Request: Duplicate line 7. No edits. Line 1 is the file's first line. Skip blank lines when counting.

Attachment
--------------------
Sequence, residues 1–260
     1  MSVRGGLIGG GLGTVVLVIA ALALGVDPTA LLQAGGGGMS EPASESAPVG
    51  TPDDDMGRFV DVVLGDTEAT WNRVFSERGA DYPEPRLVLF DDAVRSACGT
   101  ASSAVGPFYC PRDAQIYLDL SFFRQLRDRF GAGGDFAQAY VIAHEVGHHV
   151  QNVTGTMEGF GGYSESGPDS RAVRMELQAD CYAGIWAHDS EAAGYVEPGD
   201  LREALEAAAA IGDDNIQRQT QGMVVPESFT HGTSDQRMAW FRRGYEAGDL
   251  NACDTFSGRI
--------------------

   251  NACDTFSGRI